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Aphid Vectors of Barley (inc)

Rhopalosiphum padi, Sitobion avenae


Whilst the bird-cherry aphid is the major vector of BYDV in the south, the grain aphid is an important vector of this virus in the north. The bird-cherry aphid is olive green with a brownish patch at the base of the abdominal tubes.


This species can transmit the virulent strain of BYDV, which causes stunting, discolouration and death of cereal plants and grasses. The virus is introduced into early emerging autumn cereal crops by aphids moving from nearby infected grasses or volunteers. As colonies build-up and spread, the virus is passed to neighbouring plants until whole patches of crops are affected and foci of infections of typically discoloured and stunted plants appear from mid-winter onwards.


The bird-cherry aphid lays its eggs in the crevices of the bark of the bird-cherry tree and in mild winters is known to survive overwinter on volunteer cereals and grasses. Early drilled autumn cereals are most at risk of infection. Aphid movement to neighbouring plants, and the production of wingless young result in the much more damaging secondary spread of BYDV.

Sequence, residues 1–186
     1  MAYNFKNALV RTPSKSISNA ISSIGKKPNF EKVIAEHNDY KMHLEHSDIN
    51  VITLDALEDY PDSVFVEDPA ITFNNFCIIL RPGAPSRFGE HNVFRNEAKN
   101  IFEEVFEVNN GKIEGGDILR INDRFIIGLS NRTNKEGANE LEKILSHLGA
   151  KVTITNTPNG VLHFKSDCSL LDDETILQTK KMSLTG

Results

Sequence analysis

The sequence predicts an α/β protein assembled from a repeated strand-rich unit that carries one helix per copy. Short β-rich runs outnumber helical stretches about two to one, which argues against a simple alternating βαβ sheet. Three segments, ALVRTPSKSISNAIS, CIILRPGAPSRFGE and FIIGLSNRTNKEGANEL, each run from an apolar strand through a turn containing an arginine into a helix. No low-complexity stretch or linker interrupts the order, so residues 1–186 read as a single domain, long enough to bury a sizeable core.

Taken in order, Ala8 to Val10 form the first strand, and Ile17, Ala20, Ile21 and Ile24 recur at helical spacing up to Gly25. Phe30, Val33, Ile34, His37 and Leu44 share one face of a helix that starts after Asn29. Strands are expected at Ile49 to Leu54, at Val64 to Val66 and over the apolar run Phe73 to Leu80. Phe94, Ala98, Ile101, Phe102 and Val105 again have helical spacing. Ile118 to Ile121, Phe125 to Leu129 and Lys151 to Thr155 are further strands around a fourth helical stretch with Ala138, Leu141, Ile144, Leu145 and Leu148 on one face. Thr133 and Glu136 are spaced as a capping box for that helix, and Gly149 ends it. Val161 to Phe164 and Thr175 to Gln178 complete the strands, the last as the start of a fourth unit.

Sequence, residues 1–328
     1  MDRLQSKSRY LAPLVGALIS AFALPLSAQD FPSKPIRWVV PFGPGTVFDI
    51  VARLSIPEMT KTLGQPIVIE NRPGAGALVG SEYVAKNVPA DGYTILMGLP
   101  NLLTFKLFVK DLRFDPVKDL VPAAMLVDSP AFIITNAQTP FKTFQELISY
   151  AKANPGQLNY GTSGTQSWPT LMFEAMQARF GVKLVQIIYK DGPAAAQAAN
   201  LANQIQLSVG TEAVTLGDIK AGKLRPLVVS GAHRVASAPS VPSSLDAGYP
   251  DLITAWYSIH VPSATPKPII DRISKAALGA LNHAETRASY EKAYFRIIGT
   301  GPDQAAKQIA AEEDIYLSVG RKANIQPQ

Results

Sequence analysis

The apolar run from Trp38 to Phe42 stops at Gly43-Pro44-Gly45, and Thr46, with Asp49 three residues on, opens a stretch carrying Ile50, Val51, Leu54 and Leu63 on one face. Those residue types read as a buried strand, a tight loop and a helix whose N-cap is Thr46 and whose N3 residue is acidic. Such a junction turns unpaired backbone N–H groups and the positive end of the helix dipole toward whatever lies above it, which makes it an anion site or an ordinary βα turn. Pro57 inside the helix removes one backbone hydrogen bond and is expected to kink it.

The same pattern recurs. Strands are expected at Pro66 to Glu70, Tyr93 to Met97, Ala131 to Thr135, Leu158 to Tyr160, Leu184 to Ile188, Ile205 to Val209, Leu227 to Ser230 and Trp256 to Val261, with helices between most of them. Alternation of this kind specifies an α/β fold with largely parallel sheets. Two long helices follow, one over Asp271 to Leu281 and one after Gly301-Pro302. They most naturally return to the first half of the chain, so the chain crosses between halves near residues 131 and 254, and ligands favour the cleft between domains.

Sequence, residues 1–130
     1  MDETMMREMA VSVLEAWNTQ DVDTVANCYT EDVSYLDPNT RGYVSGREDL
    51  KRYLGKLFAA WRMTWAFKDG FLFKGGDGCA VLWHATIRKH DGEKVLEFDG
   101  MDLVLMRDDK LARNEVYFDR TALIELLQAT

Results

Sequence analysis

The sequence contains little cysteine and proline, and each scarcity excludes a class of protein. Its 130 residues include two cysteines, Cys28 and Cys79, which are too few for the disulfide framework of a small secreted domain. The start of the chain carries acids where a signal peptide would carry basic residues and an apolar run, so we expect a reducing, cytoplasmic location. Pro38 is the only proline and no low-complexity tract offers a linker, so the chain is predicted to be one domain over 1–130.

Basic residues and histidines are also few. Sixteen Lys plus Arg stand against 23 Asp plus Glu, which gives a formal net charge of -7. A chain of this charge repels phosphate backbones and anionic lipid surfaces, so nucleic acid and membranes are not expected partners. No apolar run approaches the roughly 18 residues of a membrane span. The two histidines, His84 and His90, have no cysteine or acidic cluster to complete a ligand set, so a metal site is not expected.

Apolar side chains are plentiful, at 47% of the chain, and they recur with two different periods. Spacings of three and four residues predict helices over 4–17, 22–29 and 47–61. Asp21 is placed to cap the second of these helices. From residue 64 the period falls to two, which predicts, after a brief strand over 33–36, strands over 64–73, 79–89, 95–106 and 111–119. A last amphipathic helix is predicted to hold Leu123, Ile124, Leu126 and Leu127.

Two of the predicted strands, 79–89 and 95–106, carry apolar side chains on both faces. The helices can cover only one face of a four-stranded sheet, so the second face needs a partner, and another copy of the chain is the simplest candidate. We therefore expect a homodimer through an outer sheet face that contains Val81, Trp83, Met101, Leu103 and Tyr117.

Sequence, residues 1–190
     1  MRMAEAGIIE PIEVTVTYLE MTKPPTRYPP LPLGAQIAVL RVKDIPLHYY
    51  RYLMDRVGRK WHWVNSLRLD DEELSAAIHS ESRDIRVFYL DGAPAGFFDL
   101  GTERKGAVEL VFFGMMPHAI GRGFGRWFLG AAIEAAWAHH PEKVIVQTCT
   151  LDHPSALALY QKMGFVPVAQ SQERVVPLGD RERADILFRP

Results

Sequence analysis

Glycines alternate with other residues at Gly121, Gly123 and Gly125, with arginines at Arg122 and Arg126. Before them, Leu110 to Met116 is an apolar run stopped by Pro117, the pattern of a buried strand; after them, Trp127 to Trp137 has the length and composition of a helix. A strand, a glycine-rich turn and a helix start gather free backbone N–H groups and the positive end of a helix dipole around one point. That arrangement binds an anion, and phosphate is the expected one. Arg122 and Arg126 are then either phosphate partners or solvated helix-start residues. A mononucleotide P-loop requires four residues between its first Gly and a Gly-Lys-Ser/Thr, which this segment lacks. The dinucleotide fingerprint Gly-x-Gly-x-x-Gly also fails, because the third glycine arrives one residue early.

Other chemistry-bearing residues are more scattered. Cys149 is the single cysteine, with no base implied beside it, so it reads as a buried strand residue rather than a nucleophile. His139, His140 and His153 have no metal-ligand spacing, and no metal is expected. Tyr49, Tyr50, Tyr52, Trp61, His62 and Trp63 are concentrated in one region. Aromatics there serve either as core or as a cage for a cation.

Coastal areas of the south, south east and south west are habitually at high risk from BYDV, but in a mild autumn/early winter, almost any part of the UK cereal growing area can suffer damaging infections. In trials yield losses to BYDV have been recorded at 30 % in wheat and 75 % in barley.


None established. Treatment is determined by presence or absence of aphids. Crops grown in high risk areas can be protected by the use of seed treatments which can protect crops for periods of up to 12 weeks in the autumn. Pyrethroid insecticides can also be routinely applied where necessary.